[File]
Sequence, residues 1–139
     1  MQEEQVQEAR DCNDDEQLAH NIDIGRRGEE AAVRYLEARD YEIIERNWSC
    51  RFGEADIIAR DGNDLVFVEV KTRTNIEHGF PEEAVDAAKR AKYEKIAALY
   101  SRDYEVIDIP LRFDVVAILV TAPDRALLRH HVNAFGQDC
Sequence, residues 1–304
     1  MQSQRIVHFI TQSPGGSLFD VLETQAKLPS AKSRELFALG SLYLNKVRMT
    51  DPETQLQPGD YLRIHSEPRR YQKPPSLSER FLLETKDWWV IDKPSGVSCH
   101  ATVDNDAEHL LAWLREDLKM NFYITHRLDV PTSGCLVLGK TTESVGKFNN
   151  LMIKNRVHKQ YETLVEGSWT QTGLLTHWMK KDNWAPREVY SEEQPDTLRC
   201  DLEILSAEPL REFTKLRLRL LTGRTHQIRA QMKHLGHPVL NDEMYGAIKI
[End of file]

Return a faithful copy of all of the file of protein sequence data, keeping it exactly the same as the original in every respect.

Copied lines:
Sequence, residues 1–139
     1  MQEEQVQEAR DCNDDEQLAH NIDIGRRGEE AAVRYLEARD YEIIERNWSC
    51  RFGEADIIAR DGNDLVFVEV KTRTNIEHGF PEEAVDAAKR AKYEKIAALY
   101  SRDYEVIDIP LRFDVVAILV TAPDRALLRH HVNAFGQDC
Sequence, residues 1–304
     1  MQSQRIVHFI TQSPGGSLFD VLETQAKLPS AKSRELFALG SLYLNKVRMT
    51  DPETQLQPGD YLRIHSEPRR YQKPPSLSER FLLETKDWWV IDKPSGVSCH
   101  ATVDNDAEHL LAWLREDLKM NFYITHRLDV PTSGCLVLGK TTESVGKFNN
   151  LMIKNRVHKQ YETLVEGSWT QTGLLTHWMK KDNWAPREVY SEEQPDTLRC
   201  DLEILSAEPL REFTKLRLRL LTGRTHQIRA QMKHLGHPVL NDEMYGAIKI